distance to the subject, or use a combination of the two. If you are
lighting your test with 'constant light-sources' such as sunlight, open-sky,
tungsten, fluorescent, LED, or HMI, you can 'dial in' their brightness for
your required aperture by changing shutter speed; remember, the sun doesn’t
come equipped with a rheostat. Once the lighting is set, check and double
check using incident meter readings to ensure that the lighting is even over
the Shirley test subjects from edge to edge. Since I am setting my camera to
f11 for this test, every incident meter reading I take over the subject area
must read exactly f11 – not f8 9/10ths or f11 1/10th, but f11 exactly.
Before I can start capturing my Shirley test images, I set my camera to RAW
and I set the appropriate colour or white balance for the set or scene by
choosing from one of the pre-sets, or better still, by performing a custom
white balance. Even though white balance can be set after capture in your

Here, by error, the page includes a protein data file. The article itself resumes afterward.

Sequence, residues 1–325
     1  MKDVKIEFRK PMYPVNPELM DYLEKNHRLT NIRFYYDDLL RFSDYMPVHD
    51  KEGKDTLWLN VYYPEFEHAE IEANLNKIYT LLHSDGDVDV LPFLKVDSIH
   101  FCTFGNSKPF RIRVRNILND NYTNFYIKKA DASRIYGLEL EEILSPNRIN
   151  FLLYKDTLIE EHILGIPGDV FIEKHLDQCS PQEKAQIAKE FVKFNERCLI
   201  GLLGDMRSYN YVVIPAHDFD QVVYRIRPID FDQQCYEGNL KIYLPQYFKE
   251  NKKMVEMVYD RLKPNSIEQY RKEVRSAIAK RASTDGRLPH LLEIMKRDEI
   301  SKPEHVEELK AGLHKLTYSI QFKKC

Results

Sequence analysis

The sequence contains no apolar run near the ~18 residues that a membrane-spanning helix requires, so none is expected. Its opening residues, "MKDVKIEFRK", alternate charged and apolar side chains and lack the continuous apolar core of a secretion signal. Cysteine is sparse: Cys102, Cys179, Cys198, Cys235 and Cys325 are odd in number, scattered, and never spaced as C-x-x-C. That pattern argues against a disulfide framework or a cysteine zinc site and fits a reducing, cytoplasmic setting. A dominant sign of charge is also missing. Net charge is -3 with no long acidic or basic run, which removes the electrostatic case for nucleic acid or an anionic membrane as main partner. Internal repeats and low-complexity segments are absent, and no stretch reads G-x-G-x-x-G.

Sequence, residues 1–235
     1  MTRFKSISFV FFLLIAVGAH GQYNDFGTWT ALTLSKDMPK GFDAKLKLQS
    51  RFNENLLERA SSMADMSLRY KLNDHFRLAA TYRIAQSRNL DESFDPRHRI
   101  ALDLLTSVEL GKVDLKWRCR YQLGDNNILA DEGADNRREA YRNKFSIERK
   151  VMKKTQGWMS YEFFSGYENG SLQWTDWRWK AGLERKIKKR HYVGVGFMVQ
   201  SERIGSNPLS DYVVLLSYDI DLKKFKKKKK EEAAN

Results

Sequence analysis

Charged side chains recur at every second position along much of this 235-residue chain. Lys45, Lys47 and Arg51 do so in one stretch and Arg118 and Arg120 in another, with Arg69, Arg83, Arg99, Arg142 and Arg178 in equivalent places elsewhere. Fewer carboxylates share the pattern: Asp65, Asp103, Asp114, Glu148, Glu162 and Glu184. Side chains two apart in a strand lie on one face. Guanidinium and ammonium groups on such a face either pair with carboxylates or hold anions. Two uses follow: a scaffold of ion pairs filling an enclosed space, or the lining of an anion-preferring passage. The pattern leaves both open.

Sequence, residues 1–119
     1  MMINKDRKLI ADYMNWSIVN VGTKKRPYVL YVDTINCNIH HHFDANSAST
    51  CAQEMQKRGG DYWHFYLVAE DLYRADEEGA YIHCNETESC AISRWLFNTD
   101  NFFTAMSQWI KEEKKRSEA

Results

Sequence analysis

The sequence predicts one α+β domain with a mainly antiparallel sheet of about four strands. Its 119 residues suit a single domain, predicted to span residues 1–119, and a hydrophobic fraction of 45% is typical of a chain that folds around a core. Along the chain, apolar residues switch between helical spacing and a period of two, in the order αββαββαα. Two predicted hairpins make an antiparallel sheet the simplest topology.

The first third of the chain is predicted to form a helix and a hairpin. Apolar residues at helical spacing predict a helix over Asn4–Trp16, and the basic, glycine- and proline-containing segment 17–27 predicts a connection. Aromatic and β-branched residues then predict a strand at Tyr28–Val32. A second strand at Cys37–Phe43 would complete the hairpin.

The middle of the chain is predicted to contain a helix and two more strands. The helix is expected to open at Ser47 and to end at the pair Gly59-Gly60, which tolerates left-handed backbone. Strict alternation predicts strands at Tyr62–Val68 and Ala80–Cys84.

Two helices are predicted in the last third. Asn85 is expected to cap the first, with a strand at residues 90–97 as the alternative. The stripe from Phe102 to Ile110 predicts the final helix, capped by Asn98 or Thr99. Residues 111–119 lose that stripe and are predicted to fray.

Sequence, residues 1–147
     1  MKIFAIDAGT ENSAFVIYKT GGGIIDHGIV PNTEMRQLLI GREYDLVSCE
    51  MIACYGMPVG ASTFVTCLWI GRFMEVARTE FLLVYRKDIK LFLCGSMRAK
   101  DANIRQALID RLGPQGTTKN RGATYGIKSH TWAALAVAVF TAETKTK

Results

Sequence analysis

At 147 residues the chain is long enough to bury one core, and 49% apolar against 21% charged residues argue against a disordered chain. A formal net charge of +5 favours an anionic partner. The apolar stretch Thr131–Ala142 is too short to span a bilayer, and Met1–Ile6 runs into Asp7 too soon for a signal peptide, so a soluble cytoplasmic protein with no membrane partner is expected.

RAW processing software, setting White
I’m A Little Confused
1/3 Stop Exposure Bracket: · 1st Exposure – Set aperture to F16 and fire to
capture an image that should be one stop under-exposed.
· 2nd Exposure – Set aperture to f14 (f11 2/3) and fire to capture an image
that should be2/3 of a stop under-exposed.
· 3rd Exposure – Set aperture to f12 (f11 1/3) and fire to capture an image
that should be 1/3 of a stop under-exposed.
· 4th Exposure – Set aperture to F11 and fire to capture what should be a
correctly exposed image.
· 5th Exposure – Set aperture to f10 (f8 2/3) and fire to capture an image
that should be 1/3 of a stop over-exposed.
· 6th Exposure – Set aperture to f9 (f8 1/3) and fire to capture an image
that should be 2/3 of a stop over-exposed.
· 7th Exposure – Set aperture to f8 and fire to capture an image that should
be one stop overexposed.